Wyoming Legislature

After hearing that the state’s revenue picture is improving thanks to rising oil prices, the legislature’s Joint Revenue Committee rejected five tax proposals. 

They were intended to help address a $500 million shortfall in education funding. The committee defeated a one percent leisure and hospitality tax on a tie vote and refused to consider four other proposals that included raising sales and property taxes. 

House Minority Leader Cathy Connolly says when the short-term funding crisis disappeared this fall, there was no longer an appetite for taxes.                     

APA Consulting

Education is underfunded in Wyoming, according to a new report from consultants contracted by the Select Committee on School Finance to take an in-depth look at the state’s educational program.

 

Tennessee Watson

As Wyoming policymakers prepare for the 2018 Budget Session, in which education will be a big topic, teachers are stepping up efforts to make their voices heard.

On Thursday evening, teachers and community members gathered in the backroom of a Laramie restaurant for a postcard writing party.

 

Legislative Service Office

Wyoming’s Consensus Revenue Estimating Group says that Wyoming’s income is slightly increasing and is $141 million over its January forecast.   

The report indicates increases in such things as interest income, sales tax, and oil revenues. Lawmakers use the CREG forecast to craft the state budget. A lot of that increase is already in hand due to end of the fiscal year revenue collections. 

Bob Beck

Cities and towns are terrified about their financial future especially when it comes to having a stable source of revenue. Years ago legislators removed direct funding to local governments, preferring instead to fund them on a bi-annual basis from the state general fund. But Lawmakers have been engaged in budget cuts and communities in particular fear they will lose their general fund money. One solution is to have the ability to raise their own revenue.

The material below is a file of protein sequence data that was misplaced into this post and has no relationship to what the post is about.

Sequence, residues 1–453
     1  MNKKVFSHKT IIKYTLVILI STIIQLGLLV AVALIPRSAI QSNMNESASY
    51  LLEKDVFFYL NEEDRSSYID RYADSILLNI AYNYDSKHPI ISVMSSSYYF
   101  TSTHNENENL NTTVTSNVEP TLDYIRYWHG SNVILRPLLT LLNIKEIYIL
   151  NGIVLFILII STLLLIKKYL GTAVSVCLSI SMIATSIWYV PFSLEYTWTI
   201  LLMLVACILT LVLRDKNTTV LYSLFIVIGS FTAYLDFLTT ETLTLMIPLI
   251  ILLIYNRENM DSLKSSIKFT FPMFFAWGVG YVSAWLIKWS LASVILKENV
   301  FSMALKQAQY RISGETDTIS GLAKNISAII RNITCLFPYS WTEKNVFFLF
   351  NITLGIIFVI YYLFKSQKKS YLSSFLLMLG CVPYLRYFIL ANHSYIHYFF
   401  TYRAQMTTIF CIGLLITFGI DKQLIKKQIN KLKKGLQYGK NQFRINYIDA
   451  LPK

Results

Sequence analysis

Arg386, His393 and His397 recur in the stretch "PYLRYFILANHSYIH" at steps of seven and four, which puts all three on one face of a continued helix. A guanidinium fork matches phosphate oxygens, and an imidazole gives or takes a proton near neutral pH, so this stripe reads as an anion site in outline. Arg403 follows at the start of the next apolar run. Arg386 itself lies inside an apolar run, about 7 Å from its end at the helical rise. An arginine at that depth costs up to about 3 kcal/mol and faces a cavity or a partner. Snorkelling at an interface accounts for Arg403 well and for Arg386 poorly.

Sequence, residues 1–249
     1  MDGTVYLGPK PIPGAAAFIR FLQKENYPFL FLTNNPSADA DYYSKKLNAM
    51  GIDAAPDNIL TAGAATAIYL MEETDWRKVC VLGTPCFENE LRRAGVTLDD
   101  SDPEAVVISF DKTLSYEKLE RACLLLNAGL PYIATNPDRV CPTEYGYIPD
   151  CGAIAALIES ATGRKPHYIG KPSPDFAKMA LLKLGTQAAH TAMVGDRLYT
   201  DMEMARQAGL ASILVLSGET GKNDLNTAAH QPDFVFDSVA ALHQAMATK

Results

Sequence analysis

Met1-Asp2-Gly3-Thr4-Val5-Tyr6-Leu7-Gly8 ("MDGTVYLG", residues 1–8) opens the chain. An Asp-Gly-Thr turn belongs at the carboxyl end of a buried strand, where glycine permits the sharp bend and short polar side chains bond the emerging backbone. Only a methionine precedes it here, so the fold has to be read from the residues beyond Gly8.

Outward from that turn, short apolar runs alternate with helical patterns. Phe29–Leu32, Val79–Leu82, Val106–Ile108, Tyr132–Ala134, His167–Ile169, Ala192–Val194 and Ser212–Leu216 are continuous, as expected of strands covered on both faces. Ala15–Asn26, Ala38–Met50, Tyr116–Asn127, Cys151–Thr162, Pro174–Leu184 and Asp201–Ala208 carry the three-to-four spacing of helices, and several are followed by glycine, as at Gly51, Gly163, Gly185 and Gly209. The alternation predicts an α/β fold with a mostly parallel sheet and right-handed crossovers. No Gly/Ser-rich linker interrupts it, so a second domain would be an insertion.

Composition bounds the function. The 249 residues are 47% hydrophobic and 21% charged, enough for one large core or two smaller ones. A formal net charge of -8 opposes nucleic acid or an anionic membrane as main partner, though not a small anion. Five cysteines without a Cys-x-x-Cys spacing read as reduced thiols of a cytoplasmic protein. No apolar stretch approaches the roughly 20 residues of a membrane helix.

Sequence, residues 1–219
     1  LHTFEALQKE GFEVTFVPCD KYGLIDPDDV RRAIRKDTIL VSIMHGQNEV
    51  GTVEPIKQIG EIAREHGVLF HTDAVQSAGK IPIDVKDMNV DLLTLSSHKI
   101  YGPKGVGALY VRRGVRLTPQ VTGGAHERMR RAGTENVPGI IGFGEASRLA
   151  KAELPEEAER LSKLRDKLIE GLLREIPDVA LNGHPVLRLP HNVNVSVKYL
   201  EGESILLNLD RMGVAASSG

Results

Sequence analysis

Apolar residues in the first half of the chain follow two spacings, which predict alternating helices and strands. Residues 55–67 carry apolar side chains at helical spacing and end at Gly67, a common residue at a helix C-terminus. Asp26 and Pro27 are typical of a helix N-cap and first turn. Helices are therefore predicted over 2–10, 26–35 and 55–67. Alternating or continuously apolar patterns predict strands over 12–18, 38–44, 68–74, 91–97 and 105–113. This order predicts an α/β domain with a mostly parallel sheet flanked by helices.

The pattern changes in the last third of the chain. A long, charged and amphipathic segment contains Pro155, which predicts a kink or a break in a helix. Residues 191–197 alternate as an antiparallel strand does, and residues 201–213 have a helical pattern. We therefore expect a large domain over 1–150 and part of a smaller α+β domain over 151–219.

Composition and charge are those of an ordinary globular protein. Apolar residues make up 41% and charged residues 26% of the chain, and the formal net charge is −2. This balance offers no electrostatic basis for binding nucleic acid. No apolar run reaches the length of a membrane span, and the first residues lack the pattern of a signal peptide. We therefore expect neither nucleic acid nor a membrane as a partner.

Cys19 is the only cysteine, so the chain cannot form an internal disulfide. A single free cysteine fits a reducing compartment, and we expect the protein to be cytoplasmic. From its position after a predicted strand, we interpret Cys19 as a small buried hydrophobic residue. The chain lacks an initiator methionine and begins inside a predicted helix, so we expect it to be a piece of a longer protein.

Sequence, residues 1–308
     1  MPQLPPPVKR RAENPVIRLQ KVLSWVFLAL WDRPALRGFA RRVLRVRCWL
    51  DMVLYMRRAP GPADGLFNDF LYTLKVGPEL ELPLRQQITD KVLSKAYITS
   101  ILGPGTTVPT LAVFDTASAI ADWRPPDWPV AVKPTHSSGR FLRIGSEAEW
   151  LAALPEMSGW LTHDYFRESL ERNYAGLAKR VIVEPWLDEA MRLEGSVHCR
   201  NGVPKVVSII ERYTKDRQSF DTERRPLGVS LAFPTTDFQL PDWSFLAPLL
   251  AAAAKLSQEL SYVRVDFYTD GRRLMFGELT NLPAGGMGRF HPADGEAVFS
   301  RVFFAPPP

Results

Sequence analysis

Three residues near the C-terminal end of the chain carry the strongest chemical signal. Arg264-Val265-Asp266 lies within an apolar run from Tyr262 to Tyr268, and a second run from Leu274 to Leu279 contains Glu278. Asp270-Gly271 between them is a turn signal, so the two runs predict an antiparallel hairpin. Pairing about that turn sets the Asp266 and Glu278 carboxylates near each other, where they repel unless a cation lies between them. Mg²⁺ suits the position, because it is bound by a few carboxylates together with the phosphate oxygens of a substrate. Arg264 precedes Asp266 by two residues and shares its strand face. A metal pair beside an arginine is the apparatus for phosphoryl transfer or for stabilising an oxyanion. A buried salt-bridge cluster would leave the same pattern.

Wyoming Legislature

Early this summer lawmakers were looking at a massive shortfall in education funding and overall revenue. That pushed lawmakers into a lengthy discussion about possible tax hikes. The idea was to hold a number of hearings over the summer on a variety of proposals and then pass bills that would raise $100 million, $200 million and $300 million. But a funny thing happened on the way to passing tax legislation the state’s revenue picture improved.

treasurer.state.wy.us

One reason some lawmakers have backed off on their support of tax increases is that Wyoming is making a lot of money from investments.

Unrealized gains sit around $900 million and even the energy industry has had a slight uptick.

State Treasurer Mark Gordon says that it’s true, things are good. But he also tells Wyoming Public Radio’s Bob Beck that lawmakers should be careful about using investment money versus a more stable source of revenue. 

Bob Beck